Who is affected?
The travel ban affects visa applicants from six predominantly Muslim nations: Iran, Libya, Somalia, Sudan, Syria and Yemen.
Visas will be granted to those who can prove — in a formal and documented way — that they have a close relationship with a family member living in the United States or that they are connected with an entity such as a workplace or university.
The State Department’s new guidelines stipulate that a close family member is a parent, spouse, sibling, son, daughter, son-in-law or daughter-in-law. Stepfamily relationships also apply.
The government doesn’t consider close relationships to include grandparents, grandchildren, aunts, uncles, nieces, nephews, cousins, brothers-in-law, sisters-in-law, fiances and other “extended” family members.
-The Washington Post, “[45’s] new travel ban requires you to prove a close relationship. Grandpas didn’t make the cut.”
With diagram to further prove the point:
Did the Internet community peak at bookmarks? Asked in a different and perhaps more complete way: just as technologies like RSS and email in their purest forms are hard to beat even as technology marches forward, what better technology exists to keep track of information on the ever-expanding Internet than bookmarks? Taken a step further, what better way to share the bookmarked information than a site of your own? As such, I‘ve been reading, which is why I write now.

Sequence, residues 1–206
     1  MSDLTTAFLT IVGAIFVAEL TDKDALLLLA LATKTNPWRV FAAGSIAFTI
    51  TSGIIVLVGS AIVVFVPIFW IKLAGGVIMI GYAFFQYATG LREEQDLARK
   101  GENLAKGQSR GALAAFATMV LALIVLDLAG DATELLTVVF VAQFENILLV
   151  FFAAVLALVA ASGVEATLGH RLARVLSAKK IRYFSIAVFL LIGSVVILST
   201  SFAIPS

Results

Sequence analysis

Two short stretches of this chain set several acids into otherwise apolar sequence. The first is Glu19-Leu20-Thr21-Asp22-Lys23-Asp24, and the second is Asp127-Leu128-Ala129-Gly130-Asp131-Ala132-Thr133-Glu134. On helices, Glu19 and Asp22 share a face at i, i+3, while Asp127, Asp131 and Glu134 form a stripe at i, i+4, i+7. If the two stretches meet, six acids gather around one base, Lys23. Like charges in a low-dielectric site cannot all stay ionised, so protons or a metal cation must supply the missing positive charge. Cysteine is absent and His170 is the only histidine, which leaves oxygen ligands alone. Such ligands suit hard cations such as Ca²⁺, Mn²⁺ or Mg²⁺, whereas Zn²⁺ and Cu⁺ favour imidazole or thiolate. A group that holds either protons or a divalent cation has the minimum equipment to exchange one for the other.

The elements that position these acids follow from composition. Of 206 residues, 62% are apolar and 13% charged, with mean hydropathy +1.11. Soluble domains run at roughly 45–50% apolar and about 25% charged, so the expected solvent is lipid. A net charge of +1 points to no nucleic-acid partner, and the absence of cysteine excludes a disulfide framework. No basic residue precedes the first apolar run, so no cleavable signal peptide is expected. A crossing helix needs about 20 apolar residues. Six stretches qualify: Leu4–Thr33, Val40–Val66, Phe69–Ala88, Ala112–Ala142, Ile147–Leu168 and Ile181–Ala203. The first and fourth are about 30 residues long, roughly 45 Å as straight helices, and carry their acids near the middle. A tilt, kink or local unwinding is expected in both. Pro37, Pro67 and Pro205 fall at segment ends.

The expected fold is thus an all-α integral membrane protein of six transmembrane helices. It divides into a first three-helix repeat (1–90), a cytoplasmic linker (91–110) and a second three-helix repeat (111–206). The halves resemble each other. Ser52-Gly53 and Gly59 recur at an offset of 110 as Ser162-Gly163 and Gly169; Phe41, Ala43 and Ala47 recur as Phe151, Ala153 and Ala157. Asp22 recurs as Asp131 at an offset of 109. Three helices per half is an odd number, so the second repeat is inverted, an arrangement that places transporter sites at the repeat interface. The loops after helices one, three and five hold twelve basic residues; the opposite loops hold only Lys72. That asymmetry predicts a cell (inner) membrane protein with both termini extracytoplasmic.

Working in and having a passion for libraries, I am struck by the fact that the way bookmarks work in the physical world is not directly analogous to bookmarks in the digital world. Bookmarks in the digital world are instead like dog-eared pages or highlighted passages; if you think of the Internet as a single tome, that is. In any case, anything that moves you to deface a book should probably be shared or become immortalized in some other way than just a reference for a future version of yourself.